DAVID MARSHALL will tonight try to achieve what amounts to the Holy Grail for Scottish goalkeepers.
Just two of his international predecessors between the posts have claimed a clean sheet at Wembley against the Auld Enemy since the Second World War.
Considering Scotland have played under either the Twin Towers or Arch 24 times during those 71 years, a shut-out against Wayne Rooney, Raheem Sterling et al would represent a notable achievement.
Judging by Marshall’s impressive display for Hull City last weekend, it is not beyond the realms of possibility, either, with the 31-year-old pulling off a string of fine saves in the 2-1 win over Southampton.
After a difficult start to life at the KCOM Stadium for the £5m August arrival, the three points were a welcome turn of events after his first five league outings had all ended in defeat.
Sixteen goals had also been conceded in those matches, something that Mike Phelan admitted did lead to him at one stage pondering whether to take Marshall out of the firing line.
“I did, yes,” said the Tigers chief when asked about whether there had been a chance of Eldin Jakupovic, so impressive in last month’s League Cup win at Bristol City, being recalled at the expense of the man who will tonight line up against England.
“You have got to. You have to look at it and analyse why these things are happening. It was unfortunate that Jakupovic came out (of the team) when he did but I had to make that call.
“I had invested in Marshall and I felt he was the goalkeeper who could kick us on a bit. He has been unfortunate because we played all the top teams and he suffered through that.”
Phelan’s faith was rewarded with a goalkeeping master-class that went a long way towards claiming those three precious points against Southampton.
Marshall stood firm under heavy pressure at the end of both halves, Charlie Austin being denied a second goal of the afternoon on no less than three occasions by the agility of the Tigers goalkeeper.
It was a display reminiscent of the ones that had sparked Hull’s interest in the Cardiff goalkeeper during the summer. He had spent seven years with the Bluebirds, making 270 appearances at a club who won promotion to the top flight in 2013.
As with all City’s transfer dealings in an often fraught window, patience was needed before the deal could be completed but Phelan was in no doubt that the wait would prove worth it.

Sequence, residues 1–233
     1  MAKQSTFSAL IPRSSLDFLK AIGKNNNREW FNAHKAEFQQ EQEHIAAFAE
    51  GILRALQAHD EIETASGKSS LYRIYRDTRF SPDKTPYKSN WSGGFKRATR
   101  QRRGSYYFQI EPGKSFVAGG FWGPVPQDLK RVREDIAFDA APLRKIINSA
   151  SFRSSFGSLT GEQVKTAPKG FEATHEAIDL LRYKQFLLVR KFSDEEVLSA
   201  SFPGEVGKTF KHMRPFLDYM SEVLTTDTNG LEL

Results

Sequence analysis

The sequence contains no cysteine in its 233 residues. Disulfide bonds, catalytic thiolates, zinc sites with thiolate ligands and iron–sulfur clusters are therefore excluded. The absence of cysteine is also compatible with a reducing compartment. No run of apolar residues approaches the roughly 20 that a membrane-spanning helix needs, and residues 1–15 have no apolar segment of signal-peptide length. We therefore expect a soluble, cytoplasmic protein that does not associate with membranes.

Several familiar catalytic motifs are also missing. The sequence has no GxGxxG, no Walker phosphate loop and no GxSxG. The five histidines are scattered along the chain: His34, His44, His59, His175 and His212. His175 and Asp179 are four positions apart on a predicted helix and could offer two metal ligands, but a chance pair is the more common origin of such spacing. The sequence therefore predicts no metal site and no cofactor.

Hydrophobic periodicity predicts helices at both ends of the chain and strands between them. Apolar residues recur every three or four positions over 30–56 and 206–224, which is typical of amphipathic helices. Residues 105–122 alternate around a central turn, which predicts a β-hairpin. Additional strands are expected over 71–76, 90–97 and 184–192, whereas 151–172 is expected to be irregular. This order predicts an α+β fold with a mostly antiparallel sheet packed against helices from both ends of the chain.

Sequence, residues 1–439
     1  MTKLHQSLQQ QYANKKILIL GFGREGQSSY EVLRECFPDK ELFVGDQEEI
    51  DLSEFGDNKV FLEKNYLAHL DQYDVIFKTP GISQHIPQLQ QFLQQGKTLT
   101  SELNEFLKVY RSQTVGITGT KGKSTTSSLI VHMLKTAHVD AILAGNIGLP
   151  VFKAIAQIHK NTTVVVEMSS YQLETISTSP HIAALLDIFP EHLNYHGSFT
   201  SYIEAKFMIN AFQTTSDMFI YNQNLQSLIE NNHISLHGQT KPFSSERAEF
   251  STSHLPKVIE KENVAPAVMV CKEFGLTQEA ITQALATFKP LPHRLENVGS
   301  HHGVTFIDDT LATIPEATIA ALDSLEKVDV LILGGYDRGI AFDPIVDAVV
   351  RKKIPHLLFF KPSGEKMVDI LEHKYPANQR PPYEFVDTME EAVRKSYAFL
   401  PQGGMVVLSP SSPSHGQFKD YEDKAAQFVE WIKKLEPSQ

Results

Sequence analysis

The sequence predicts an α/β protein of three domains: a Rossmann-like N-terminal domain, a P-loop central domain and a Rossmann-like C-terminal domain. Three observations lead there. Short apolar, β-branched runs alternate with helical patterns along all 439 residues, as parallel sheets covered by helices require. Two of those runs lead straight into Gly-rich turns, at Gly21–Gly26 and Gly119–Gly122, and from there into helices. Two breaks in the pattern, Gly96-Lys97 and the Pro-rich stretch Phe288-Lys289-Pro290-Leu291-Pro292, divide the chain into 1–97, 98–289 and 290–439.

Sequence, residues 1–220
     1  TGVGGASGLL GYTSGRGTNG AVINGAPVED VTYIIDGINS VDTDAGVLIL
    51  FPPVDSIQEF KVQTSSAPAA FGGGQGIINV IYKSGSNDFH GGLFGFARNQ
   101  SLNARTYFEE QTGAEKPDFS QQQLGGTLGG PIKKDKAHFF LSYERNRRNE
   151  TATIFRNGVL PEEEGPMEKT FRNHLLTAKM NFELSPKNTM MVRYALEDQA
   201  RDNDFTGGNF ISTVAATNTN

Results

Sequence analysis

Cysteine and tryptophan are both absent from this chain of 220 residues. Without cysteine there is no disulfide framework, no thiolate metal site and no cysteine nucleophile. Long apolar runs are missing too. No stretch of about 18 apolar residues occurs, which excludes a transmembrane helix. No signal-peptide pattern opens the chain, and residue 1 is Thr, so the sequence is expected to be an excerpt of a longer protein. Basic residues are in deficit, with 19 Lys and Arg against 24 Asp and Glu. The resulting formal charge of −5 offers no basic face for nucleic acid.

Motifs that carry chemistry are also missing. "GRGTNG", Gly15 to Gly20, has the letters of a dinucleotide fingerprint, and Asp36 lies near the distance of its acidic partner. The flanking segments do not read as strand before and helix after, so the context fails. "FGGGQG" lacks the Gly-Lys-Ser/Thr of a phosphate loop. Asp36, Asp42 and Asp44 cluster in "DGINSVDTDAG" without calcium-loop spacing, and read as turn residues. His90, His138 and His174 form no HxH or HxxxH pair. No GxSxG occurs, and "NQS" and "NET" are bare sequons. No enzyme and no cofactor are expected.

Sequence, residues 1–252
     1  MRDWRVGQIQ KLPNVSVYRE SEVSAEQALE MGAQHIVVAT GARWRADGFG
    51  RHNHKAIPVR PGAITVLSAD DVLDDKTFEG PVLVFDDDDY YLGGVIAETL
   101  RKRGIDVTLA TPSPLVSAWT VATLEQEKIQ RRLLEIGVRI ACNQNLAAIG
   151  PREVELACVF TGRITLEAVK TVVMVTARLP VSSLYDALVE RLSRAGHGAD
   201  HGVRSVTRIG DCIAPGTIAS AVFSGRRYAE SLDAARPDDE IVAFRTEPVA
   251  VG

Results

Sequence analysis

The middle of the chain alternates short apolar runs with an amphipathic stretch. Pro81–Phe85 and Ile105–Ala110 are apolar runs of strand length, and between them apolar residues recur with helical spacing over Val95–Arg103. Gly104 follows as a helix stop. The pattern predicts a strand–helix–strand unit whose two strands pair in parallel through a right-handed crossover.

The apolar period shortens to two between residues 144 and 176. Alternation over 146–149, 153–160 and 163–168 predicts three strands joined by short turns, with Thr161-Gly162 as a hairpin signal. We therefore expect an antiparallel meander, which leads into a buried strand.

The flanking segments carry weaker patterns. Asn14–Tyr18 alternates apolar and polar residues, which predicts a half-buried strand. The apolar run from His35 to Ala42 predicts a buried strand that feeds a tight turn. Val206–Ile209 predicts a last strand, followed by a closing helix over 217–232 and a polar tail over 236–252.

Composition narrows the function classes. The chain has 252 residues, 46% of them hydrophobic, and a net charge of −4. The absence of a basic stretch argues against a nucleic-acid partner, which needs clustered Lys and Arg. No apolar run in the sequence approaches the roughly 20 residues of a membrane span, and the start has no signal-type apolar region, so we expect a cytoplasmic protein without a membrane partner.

Hence why the Tigers head coach stuck with Marshall amid a clamour from supporters to reinstate Jakupovic, who had lost his place after helping the Yorkshire club to seven points from the opening five games.
Marshall will be delighted he did stay in goal, as being dropped by City would surely have seriously dented any hopes of retaining his place in the Scotland starting XI.
“If there is one area of the field where we seem strong right now, it is goalkeepers,” said Phelan, who this week lost Will Keane and Abel Hernandez to injury after the pair limped out of Sunday’s win over the Saints.
“I have (Scotland international) Allan McGregor back playing, though he has to do a little bit more because he has played a couple of Under-21 games but not really trained behind the back four. So, he has a little bit to do. But all the goalkeepers are pushing each other now and that is great.”
Marshall has started all three of Scotland’s previous Group H games this season.
The results have been something of a mixed bag, a 5-1 thrashing of Malta – when Robert Snodgrass netted a hat-trick – being followed by a disappointing home draw with Lithuania and a 3-0 defeat in Slovakia.
It means Scotland’s hopes of reaching a first major finals in 20 years are in major doubt, something that will be particularly felt by the Tartan Army after Gordon Strachan’s men missed out at Euro 2016 when all the other Home Nations plus the Republic of Ireland qualified.
If the Scots are to turn around their fortunes and reach Russia in 2018, a positive results tonight is paramount.
Phelan believes his first-choice goalkeeper can play a big part. “I praised every player in the dressing room after the Southampton game,” said the Tigers chief.
“But I was pleased for Marshall because he couldn’t do a lot with many of those (previous) goals.
“Against Southampton, he showed that perseverance pays off. I stayed true to him and David produced a performance that was a credit to him.
“That is why I was really chuffed for him because it is never easy when picking the ball out of your net. We all knew he could perform like he did against Southampton. There is an England game now and maybe he feels he will be busy. But he did well.”